Barracuda Captain John McCarthy – Profile

Photo: @sjbarracuda

By Alexandra Evans

SAN JOSE—“When you play hockey for a living, obviously you need to treat it professionally, but also have fun with it, too,” John McCarthy, Captain of the San Jose Barracuda, remarked at practice on Tuesday morning.

McCarthy, 31, hails from just outside Boston. His father played hockey for College of the Holy Cross in Worcester, Massachusetts, and his older brother played up until high school. The siblings grew up playing hockey together, though John was the only one who went on to play at the college level (for Boston University) and, now, the professional leagues.

McCarthy grew up a Bruins fan, and he particularly looked up to Cam Neely, a Hockey Hall of Fame inductee. McCarthy did not know it at the time, but in his early 20s, he would be playing alongside a familiar face from watching television and live games at TD Garden: Joe Thornton.

“He was the guy when I was growing up with the Bruins,” McCarthy recalled, also noting that when he was first called up to the NHL eight years ago (2009-2010 season), he roomed with Thornton on his first road trip with the Sharks.

McCarthy attributes his professionalism in the AHL and NHL to his veteran teammates with whom he played his first few seasons in the big league (beginning in 2009-2010).

“[My older teammates] taught me how to approach the game. Come to the rink every day ready to work, get better every day,” he said.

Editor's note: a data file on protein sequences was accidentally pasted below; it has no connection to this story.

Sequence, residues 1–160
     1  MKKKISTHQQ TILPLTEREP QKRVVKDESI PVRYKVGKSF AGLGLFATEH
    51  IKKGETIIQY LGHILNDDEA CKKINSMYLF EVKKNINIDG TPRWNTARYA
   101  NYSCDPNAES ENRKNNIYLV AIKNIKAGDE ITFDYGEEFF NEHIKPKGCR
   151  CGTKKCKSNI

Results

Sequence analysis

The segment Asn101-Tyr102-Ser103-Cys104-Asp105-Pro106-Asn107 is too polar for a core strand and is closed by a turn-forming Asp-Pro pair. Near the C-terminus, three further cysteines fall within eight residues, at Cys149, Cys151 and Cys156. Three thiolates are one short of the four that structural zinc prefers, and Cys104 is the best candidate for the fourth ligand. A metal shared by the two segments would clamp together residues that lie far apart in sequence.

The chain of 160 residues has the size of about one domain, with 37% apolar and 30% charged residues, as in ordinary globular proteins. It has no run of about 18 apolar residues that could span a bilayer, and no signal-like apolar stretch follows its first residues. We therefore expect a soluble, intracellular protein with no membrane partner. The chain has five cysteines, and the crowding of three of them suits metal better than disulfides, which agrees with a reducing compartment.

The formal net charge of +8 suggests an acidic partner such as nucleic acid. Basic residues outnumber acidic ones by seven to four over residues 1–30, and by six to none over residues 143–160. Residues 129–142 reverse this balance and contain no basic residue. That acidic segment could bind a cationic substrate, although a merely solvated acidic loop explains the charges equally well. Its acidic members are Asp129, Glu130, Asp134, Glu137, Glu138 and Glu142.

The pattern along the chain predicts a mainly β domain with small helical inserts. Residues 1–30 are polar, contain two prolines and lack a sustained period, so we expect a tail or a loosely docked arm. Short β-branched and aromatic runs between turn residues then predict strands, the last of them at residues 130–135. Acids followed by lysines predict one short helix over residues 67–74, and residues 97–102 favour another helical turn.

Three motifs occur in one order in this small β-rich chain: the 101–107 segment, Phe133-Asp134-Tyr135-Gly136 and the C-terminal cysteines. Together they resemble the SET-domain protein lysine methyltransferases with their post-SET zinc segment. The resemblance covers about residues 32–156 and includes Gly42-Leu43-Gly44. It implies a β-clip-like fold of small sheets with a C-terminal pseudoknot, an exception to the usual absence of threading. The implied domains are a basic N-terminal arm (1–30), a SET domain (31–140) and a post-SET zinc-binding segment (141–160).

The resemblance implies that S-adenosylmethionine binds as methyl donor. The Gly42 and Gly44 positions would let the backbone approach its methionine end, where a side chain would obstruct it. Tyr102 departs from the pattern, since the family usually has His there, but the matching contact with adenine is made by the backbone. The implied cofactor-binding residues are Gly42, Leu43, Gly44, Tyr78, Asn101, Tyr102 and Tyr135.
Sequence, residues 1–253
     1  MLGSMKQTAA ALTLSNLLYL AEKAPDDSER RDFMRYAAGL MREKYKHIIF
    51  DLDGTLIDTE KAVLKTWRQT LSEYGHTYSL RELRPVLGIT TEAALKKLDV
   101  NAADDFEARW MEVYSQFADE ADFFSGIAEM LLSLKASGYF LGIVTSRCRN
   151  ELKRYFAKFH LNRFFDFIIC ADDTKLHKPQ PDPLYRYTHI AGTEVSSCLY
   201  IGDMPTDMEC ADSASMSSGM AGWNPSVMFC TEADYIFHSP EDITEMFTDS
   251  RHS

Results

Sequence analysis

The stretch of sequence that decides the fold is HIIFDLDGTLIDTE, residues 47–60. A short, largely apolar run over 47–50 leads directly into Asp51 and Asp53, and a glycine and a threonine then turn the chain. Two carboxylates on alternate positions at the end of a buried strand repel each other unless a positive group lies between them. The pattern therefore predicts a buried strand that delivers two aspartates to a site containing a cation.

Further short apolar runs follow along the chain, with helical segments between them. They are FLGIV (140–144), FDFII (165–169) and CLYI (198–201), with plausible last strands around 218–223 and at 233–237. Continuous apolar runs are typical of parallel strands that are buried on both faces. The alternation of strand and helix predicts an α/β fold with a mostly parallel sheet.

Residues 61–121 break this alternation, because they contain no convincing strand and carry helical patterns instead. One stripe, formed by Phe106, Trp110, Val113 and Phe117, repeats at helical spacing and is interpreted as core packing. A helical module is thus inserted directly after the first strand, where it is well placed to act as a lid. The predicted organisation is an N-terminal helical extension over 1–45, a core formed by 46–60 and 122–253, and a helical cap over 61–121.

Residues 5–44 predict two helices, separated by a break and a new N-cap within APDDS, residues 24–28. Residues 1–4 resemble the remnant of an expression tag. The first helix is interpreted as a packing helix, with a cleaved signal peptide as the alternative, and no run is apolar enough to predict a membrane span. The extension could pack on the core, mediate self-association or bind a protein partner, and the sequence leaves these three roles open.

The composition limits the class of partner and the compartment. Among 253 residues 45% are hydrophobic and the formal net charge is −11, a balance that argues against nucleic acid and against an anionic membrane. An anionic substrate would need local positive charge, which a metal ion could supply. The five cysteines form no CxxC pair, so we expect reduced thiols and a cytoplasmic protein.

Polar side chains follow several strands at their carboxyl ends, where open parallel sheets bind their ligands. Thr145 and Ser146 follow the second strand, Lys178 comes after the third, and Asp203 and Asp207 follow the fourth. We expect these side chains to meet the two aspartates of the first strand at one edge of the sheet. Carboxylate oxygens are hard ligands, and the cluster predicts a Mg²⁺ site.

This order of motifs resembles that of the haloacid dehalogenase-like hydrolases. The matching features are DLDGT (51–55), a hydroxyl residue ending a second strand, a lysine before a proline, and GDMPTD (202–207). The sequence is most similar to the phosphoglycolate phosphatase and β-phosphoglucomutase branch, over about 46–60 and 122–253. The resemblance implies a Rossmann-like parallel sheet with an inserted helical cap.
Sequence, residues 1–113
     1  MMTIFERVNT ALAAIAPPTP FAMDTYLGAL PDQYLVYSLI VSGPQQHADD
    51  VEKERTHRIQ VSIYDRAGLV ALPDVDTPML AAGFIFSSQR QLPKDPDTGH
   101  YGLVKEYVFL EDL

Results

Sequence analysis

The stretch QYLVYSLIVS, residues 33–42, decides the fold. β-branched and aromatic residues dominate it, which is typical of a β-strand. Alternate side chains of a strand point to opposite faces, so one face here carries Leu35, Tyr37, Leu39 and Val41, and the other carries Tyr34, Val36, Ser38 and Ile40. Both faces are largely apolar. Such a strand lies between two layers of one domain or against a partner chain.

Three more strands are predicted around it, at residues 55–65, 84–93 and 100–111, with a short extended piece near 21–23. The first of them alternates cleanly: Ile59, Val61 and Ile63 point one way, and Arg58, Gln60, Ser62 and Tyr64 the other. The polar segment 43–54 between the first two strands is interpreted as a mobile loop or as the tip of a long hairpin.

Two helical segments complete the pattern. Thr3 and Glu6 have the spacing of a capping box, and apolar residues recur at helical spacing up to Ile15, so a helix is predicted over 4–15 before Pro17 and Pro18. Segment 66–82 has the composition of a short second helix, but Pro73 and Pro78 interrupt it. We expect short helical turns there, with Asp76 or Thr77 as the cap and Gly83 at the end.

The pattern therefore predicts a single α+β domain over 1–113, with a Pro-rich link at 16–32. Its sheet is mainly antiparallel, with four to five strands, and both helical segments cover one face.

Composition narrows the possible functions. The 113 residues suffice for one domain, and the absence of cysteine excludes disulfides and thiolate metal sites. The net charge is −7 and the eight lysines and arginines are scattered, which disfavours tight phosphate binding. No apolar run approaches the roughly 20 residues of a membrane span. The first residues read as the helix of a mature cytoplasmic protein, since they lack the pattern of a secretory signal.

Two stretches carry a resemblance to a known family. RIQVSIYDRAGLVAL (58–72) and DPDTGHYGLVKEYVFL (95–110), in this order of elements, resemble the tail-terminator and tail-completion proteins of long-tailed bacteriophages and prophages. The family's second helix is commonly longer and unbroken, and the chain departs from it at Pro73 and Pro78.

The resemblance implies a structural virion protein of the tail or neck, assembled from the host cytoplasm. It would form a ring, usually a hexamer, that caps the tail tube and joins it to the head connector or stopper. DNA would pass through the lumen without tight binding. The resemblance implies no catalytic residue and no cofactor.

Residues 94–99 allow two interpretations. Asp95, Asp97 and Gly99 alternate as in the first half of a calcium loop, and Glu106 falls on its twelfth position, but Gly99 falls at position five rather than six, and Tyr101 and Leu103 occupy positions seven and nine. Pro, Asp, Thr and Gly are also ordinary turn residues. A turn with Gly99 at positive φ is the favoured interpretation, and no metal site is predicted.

Now, as the Barracuda captain and one of the team’s oldest players, McCarthy has become an influence for his younger teammates, guiding them as they work toward an NHL career.

“[Establishing an NHL career] is about not being overbearing… if [my younger teammates] want my insight on something, they can feel free to ask me. There’s plenty of situations where [questions] come up,” he stated. “In order for us to succeed, we have to outwork the other team. Our team has a completely different landscape than last year.”

McCarthy then referred to Barclay Goodrow, Ryan Carpenter, Kevin Labanc, Timo Meier, Tim Heed, and Joakim Ryan, all of whom were called up to the Sharks as regulars this season. Their call-ups impacted the Cuda as, McCarthy noted, they were all key players.

“Our game is more of a working game, more of a forechecking game, more of a ‘playing on the inside’ game. We can’t depend on the power play to get us wins like last year.”

Keeping this mentality through every game, McCarthy said, is one of the keys to success for both the Barracuda as a team and for each of the up-and-coming players individually.

Entering his third year as a Bay Area resident (during the season), McCarthy appreciates the snowless, seldom rainy Northern California weather, the cities surrounding San Jose (San Francisco, Santa Cruz, to name a few), and the staunch, passionate Sharks fans all around.

Sharks Putting Pieces Together

By Mary Walsh

Training camp is well under way for the San Jose Sharks. Some players are getting a shot to make the team, others have a guaranteed spot but have to move on from an offseason that was too long. The way last season ended should not be forgotten, but Sharks players, coaches and staff have to forgive themselves and each other, and move forward. That will involve some mental acrobatics that will last well beyond training camp and into the season.

Justin Braun’s five year contract extension is an excellent step ahead. With Braun under contract through the 2019-20 season, the Sharks have secured yet another talented and still improving young defenseman. From the Sharks’ press release: